And because of all of that boardroom work, it may look like The Rapture showed up to Halloween 2003 dressed in Alf costumes, well behind the times and having missed the massive “resurgence” of New York City rock. But, if catching on with the multitudes was only reliying on hitting a fashionable date on a calendar or attaching to a trend like a barnacle onto the hull of an oceanliner, The Rapture would have been better off keeping these songs to themselves. They should have locked the master recordings in a vault and swallowed the key, because the world wouldn’t have deserved them anyway.
“People were telling us that [Echoes] should have come out six months ago. They said, ‘You missed the wave. You missed the boat,’” Roccoforte admits. “To be honest, it’s never concerned me a lot. If we missed the boat in terms of hype, that’s too bad. We could have rushed and put it out six months ago, and maybe it wouldn’t have mattered.
“But it was frustrating, having this album, liking it, and wanting to get it out there to people.”
As little slices of the finished record, in the form of U.K. singles for “House of Jealous Lovers” and “Olio”—two of the most intriguing tracks on the new record—were pressed and released in early 2002, The Rapture began to twist ears. Those two tracks spurred gobs of questions about the arrival of the full-length. Even with the attention, Roccoforte doesn’t know if the world’s exactly primed for The Rapture.
“I don’t see us as a band really crossing over into the mainstream,” he said. “It’s going to take people coming to us. It’s going to take a lot of growing. We don’t really sound like a lot of stuff on the radio right now. But I think a lot of the stuff on the radio is crap.”
Roccoforte assured me they’ll never try to sound like that crap on the radio. With the production team of DFA (Death From Above)—Tim Goldsworthy and James Murphy—in their corner, brainstorming along with them, there’s really no threat of The Rapture losing its jones for blitzing guitars or the tunes of the soothing Robert Smith, the Cure leader who, according to a recent issue of Rolling Stone, has Echoes slipped into his car stereo.
“We’re never going to say, ‘Those guitars are too harsh,’ or, ‘Luke, sing more normal,’” Roccoforte said. “I don’t think we’re ever going to do that.”
Sticking to their guns would be a smart move, especially with Smith as an early fan of the group. Having one of their heroes digging what they’re about was a pleasant surprise for the band. It’s also one of the infrequent times they’ve discovered a well-known individual having either taken to their music or shown up at a gig. They think maybe some touch-ups to their shaky rock-star reputations might get a few more Paris Hilton–types backstage.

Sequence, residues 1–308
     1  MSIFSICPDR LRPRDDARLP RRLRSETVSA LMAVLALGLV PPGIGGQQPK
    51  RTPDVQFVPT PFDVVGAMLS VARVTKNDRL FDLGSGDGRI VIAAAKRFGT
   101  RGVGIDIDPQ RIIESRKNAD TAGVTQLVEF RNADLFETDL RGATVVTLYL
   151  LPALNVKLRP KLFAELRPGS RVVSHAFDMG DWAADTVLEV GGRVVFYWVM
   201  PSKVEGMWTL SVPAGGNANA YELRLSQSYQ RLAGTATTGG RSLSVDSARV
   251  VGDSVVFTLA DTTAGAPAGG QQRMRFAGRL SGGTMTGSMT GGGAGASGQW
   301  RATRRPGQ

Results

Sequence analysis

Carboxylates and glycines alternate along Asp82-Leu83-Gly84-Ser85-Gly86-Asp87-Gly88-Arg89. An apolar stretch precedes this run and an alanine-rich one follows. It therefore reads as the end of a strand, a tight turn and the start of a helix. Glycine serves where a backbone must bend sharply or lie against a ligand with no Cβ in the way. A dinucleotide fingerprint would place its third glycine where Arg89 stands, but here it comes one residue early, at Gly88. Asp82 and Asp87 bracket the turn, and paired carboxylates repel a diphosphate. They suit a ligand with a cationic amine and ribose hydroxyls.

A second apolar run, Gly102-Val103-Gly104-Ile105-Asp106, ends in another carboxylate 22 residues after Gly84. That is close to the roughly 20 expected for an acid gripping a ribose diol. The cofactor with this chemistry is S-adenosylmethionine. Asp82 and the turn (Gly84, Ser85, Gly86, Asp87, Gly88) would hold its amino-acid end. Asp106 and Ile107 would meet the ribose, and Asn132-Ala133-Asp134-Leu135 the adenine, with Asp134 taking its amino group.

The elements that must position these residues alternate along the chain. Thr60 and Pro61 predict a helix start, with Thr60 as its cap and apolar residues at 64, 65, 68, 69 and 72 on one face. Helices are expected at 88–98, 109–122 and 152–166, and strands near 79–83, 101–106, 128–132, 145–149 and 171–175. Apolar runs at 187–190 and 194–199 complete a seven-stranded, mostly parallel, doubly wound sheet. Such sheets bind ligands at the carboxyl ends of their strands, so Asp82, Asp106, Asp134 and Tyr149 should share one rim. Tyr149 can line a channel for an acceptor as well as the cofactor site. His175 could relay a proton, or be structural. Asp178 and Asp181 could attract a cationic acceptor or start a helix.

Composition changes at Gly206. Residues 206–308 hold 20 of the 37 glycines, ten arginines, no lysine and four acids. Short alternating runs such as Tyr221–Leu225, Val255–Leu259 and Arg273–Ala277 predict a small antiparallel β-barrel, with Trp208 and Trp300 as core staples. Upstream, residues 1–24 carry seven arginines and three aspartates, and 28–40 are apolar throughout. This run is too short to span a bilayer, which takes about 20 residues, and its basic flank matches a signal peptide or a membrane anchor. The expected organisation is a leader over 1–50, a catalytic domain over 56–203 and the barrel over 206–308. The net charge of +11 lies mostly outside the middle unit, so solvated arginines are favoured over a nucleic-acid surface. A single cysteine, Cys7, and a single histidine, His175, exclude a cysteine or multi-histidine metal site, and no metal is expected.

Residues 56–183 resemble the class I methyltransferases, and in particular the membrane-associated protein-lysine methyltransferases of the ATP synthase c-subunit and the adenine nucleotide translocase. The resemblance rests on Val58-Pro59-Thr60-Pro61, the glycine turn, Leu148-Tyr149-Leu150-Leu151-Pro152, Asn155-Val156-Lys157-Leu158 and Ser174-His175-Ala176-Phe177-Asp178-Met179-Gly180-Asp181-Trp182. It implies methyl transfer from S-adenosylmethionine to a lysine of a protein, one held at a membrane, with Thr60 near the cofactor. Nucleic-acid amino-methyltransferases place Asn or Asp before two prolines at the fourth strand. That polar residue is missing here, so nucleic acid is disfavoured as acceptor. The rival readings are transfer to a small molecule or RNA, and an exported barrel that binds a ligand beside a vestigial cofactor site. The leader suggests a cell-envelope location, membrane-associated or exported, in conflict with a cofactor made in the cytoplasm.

“We have never really attracted celebrity fans,” Roccoforte said. “Everybody’s drinking with the Kings of Leon. We’re just not cool-looking dudes that like to party.”
What if Smith, in the flesh, came up to them post-show?
“I’d probably be one of those people who couldn’t talk,” Roccoforte admitted.
A more important question seems to be this: Why does Robert Smith like a band who, at times, sound like a his own band, bent on fitting in best where the strobe lights are the brightest and most dizzying? No one really likes a band that sounds like his own, does he? It’s as incongruous as alternately sipping Coca-Cola and Pepsi and feeling truthful to oneself.
This either leads one to believe that The Rapture don’t sound a damn thing like The Cure, or they are taking such a parallel path creatively, that Smith feels a kinship to these mop-tops. I like to think the parallel path theory suits the spirit of the band a little more than the first. It’s the feeling Roccoforte gets from Jenner and his other mates that drew him to drumming, not anything off of Kiss Me, Kiss Me, Kiss Me, Mixed Up, or Disintegration.
“They really get me inspired, just playing part of a song or a riff from a new song,” Roccoforte said. And music’s all that he does.
“I really like film [he was a student at San Francisco State], but I’ve kind of realized—and it’s kind of sad—that music takes up a large part of my life,” he said. “I’m kind of nerdy about it. When I look at my life, I’ll either be listening to music or trying to play music. It pretty much ties in and runs through everything.”
It’s a good, unintentional description of what The Rapture do themselves. They knot their influences together. They melt genres and force attention. They also make it difficult to stand still, and there’s no use fighting it.